I do want to distinguish my comments, which refer to display campaigns, from the relevance of a click on a search ad. There, the click rates are upwards of 30 times higher and do have relevance. That said, our research indicates that a prior non-clicked exposure to display ads is often a key driver of the click on a search ad. In other words, display campaigns are important in establishing the value and appeal of a brand in the consumer’s mind. And that helps generate the click that can occur closer to the actual purchase – whether via a search ad or a retargeted ad.

    Nonetheless, it’s still important to analyze whether the click represents an incremental purchase of the brand or whether it’s simply an indication of a purchase that would have occurred anyway. This is not dissimilar to the challenge that CPG brand managers face using cents-off coupons effectively. There, research has shown that much of the redemption often comes from consumers who would have brought the brand anyway (it’s called wasted redemption). So, if I draw an analogy with a click, one needs to know not just whether the click occurred but also if the paid click and subsequent conversion really does represent incremental buying. If it does, then all ends well. Otherwise, it’s simply a wasted click.

    p.s. even Google acknowledges that one needs to look beyond the click when evaluating the effectiveness of ads running on the Google ad network:

    Measure the impact of your display campaigns with Campaign Insights
    Campaign Insights is a unique measurement tool that delivers reliable data about how a display campaign raised brand awareness, or activated user interest in a particular product or service. It looks beyond traditional measures of clicks and conversions to calculate the incremental lift in both online search activity and website visits that results from a display ad campaign. It is currently available only for larger display ad campaigns across the U.S. and U.K.
    Calculate the full value of conversions with View-Through Conversion Reports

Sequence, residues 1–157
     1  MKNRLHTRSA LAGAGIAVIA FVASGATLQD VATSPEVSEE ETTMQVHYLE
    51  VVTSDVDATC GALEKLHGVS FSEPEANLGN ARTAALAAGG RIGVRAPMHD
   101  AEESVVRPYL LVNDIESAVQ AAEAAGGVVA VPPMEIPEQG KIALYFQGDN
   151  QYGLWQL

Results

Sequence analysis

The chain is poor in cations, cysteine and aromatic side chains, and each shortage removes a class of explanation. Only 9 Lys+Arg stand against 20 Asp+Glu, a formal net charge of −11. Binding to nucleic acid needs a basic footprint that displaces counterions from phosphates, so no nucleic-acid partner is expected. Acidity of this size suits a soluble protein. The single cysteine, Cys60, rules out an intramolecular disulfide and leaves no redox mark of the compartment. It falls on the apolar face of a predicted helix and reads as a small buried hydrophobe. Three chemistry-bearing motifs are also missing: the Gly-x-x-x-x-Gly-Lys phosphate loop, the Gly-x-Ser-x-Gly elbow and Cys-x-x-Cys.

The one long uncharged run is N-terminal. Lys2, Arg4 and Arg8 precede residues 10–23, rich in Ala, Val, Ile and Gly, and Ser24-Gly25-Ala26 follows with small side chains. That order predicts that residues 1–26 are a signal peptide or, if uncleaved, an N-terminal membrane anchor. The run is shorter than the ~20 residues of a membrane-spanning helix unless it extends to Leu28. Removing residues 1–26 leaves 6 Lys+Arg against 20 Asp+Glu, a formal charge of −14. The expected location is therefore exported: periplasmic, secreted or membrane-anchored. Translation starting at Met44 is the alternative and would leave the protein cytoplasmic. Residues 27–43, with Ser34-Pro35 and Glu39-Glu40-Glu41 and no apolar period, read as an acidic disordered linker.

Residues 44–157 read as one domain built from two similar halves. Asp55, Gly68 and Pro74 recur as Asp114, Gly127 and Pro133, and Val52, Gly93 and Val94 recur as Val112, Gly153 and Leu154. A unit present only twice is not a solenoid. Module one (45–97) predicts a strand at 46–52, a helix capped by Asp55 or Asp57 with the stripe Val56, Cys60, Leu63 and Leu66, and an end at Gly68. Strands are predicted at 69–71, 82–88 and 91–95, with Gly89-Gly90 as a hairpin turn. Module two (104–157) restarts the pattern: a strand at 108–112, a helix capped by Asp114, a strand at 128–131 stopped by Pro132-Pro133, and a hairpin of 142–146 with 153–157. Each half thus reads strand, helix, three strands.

A View-Through Conversion Report shows you the number of online conversions that resulted after a user saw, but did not click, your display ad on one of the sites on the Google Display Network. This information can help you measure the true effectiveness of your campaign and find the best ad placements for overall conversions.


    • Hi Gian,

      We’ve been down this road before together and you know I love travelling it with you.

      As I mentioned at the outset the ‘Whither the Click’ study is four years old, a lifetime in web technology. In that time targeting technology and data intelligence has advanced rapidly across many vectors. More importantly marketers have advanced and the fastest growing strategy in display is performance – a channel that is built on the ability to drive traffic (clicks) to marketer controlled experiences.

      At the same time a smaller percentage of display dollars are being allocated to “brand-lift” campaigns purchased on a CPM basis. This is irrefutable. A thousand marketers are not wrong. Clicks are driving incremental value to their businesses.

      That said, by no means does any intelligent marketer believe there is no value outside the click. As you said, we’ve known for some time on the ability for display impressions to drive increased Search impressions. In fact, I presented a SONY case study at SES 2005 about this.

      Marketers are smart enough to incorporate all the variables into performance driven by clicks and it extends far beyond the ad click. For example, I just spoke to a marketer that is not hitting her initial direct CPA goal on from one display traffic source but that traffic was turning 4 page views over average and once activated her retargeting conversion volume increased substantially so she keeps buying. The value of those page views and the ability to reconnect with that visitor goes well beyond any “impression” based metrics.

      Bottom line. The digital marketers have spoken. Traffic matters. Always has. Always will. With the attention of people online becoming more and more difficult to capture the value of capturing it and sending it to your marketing only continues to increase – in every channel.



  8. Thank you Bob for this article. It is so true!
    Having proved that the duration of ad-exposure correlates perfectly with brand recall, Alenty provides the real-time signal that you mention.
    If you drive a campaign on “efficient impressions” (impressions seen longer than the duration of the message, 10 seconds for instance), you use this metrics as a proxy for brand effectiveness.
    With the existing tools, you can control both real exposure and frequency. Each individual can be now see the full message completely and the right number of times, in order to maximize branding attributes.
    Programmatic buying is a great opportunity for brand advertisers.